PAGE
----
Must-Have Super Bowl Football Card Sets and Singles


While the Super Bowl comes once a year, the event lives on in cardboard – with numerous sets and singles devoted to NFL championship lore. Here’s a look at key Super Bowl sets, as well as other notable cards that showcase football’s most significant (and sometimes humorous) moments.

Top Super Bowl Football Card Sets

1990 Pro Set Super Bowl MVPs

Pro Set had its flaws, with mass production and errors leading to the company’s demise. But sometimes the results were stunning, and such was the case with 1990 Pro Set Super Bowl MVPs, an insert set highlighting the big game’s biggest players. Each card shows a painting of Super Bowl MVPs, starting with Packers QB Bart Starr and leading to 49ers legend Joe Montana, the most valuable player of Super Bowl XXIV. Pro Set produced a number of Super Bowl-themed releases, but these cards are the most memorable.

1970s and ’80s Fleer Team Action Cards

Fleer didn’t own an NFL Players Association license during this stretch, meaning the company couldn’t create cards identifying stars such as Walter Payton and Dan Marino. But Fleer found a loophole by creating “Team Action” cards showing generic action shots from previous game action and Super Bowls. Highlights include 1985’s Super Bowl XIX card, showing Montana throwing to running back Roger Craig in San Francisco’s 38-16 victory over Miami.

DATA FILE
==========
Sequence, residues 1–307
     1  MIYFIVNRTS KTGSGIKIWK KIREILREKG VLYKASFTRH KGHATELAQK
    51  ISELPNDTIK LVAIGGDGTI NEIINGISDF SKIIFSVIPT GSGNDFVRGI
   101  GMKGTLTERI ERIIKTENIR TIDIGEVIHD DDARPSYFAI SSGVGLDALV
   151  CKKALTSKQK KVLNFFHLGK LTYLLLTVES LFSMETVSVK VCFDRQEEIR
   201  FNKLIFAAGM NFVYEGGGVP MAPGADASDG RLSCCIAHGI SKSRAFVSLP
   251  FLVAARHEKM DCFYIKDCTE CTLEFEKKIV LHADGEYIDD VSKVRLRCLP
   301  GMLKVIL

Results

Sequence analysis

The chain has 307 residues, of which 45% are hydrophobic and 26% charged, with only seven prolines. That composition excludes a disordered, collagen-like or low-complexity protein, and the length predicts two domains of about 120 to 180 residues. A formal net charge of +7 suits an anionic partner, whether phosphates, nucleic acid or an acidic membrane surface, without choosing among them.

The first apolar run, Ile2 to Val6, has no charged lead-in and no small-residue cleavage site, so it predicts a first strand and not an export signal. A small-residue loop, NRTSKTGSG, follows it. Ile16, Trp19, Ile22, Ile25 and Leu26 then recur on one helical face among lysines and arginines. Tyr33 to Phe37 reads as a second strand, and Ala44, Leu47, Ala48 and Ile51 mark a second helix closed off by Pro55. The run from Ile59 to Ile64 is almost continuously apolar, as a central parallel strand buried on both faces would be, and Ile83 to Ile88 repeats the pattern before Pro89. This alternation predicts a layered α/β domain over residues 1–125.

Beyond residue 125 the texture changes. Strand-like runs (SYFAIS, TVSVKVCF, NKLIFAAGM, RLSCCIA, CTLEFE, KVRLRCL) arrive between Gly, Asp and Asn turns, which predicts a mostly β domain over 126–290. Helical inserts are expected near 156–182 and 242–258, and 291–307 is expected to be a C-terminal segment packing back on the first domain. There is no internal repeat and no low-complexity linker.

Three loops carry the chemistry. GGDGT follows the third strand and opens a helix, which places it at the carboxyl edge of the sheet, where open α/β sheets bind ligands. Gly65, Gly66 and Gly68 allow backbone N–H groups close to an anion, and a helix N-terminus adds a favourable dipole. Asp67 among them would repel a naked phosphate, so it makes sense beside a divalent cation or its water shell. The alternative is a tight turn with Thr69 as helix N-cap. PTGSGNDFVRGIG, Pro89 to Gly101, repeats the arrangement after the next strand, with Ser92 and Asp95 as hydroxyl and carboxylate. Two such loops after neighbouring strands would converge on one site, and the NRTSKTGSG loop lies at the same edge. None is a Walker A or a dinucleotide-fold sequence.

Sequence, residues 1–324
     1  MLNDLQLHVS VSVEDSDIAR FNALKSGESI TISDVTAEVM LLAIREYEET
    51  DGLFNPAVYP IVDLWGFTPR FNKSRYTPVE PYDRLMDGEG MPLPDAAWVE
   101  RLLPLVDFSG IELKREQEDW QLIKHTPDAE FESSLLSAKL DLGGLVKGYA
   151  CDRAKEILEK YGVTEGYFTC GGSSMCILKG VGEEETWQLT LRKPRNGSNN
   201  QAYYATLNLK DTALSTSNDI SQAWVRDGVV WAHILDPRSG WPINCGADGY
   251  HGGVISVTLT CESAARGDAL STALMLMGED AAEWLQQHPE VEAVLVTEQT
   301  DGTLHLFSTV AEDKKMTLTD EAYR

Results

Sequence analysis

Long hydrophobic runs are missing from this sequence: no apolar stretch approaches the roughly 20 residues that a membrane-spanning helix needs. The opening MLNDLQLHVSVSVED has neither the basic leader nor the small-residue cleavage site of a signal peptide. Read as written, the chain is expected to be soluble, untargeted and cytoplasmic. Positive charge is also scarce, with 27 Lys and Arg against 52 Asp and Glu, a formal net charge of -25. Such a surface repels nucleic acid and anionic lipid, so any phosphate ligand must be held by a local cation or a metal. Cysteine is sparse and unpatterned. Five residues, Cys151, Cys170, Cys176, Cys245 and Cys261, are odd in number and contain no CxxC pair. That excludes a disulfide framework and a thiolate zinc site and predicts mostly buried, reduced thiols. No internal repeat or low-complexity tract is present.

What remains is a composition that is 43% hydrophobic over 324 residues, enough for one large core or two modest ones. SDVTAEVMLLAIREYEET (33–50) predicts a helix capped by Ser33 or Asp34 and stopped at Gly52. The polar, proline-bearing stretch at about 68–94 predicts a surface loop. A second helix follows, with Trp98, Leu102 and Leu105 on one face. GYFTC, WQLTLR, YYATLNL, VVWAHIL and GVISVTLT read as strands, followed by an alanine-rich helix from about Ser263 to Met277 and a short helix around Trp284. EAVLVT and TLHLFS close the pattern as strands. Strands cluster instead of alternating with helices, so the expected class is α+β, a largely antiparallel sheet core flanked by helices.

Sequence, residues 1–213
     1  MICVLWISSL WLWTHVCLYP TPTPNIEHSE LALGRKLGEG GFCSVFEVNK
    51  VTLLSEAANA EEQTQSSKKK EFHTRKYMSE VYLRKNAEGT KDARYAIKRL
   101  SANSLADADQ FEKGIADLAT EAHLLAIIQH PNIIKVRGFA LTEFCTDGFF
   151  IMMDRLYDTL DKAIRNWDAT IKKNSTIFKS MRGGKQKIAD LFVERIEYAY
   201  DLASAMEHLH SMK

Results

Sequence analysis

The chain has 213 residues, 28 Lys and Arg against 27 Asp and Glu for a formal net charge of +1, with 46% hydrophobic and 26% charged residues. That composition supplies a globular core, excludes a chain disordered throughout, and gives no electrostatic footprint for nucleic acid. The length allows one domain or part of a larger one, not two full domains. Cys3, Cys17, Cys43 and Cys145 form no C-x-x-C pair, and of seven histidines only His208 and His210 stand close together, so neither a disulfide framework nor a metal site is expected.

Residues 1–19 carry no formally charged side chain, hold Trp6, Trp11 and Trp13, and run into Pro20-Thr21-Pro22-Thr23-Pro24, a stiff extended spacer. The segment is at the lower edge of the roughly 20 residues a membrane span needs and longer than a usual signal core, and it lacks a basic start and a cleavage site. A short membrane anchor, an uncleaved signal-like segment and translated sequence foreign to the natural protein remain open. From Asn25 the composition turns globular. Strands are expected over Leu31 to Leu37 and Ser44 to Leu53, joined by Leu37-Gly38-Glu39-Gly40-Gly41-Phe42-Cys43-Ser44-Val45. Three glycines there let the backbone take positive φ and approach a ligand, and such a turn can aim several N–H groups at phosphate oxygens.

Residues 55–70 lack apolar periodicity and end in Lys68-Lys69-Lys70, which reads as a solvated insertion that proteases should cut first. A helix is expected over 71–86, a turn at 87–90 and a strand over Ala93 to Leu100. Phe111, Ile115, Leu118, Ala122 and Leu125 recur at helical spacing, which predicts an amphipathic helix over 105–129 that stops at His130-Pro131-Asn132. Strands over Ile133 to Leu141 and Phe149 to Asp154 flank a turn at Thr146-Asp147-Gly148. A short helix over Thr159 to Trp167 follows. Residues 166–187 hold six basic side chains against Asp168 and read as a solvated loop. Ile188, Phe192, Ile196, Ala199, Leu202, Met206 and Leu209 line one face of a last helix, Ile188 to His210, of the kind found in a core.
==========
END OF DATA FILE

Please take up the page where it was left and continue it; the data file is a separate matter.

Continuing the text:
2000 Upper Deck Super Bowl XXXIV Special Moments

This 10-card jumbo set includes football heroes such as Steve Young, Brett Favre and Emmitt Smith shown during their moments of glory. The photos used are crisp and evocative, and the card’s backs feature detailed nuggets about Super Bowl milestones. Each card is numbered to 2,000, providing added value while still maintaining affordability.

2011 Topps Super Bowl Legends Giveaway Die Cuts

These cards, available through an online redemption program, are shaped like championship rings and provide some of the most stellar Super Bowl cards to date. The checklist features such icons as Troy Aikman and Jerry Rice, with Joe Namath signing a limited number of his cards.

2012 Panini Super Bowl Pylon Cards

How close do you want to get to the Super Bowl action? Pylon cards put you into the endzone, with the orange foam markers designating the difference between paydirt and dejection. Pylon cards have been appearing in packs since 2001 (starting with Donruss and Playoff) but never before have such large foam pieces been used as they have for recent Panini releases. Panini included Super Bowl XLVI pylon cards in its 2012 Black Friday promotions, showcasing the best players – and on-field materials – from the Giants’ 21-17 victory over the Patriots.

Other Notable Super Bowl Cards

1973 Topps #139 – Super Bowl VII

The 1972 Dolphins remain the only NFL team to finish a season undefeated, with the final victory coming in Super Bowl VII against the Redskins. While stars such as Bob Griese and Larry Csonka provided scoring opportunities, Miami was fueled by its aptly-named “No-Name Defense.” That unit held Washington’s offense scoreless in Super Bowl VII (the Redskins’ lone points scored on a botched field goal attempt). So it’s fitting that card #139 in the next season’s Topps set shows Miami’s defense – led here by lineman Manny Fernandez – suffocating its opponent.

1999 Sports Illustrated Autographs Doug Williams AU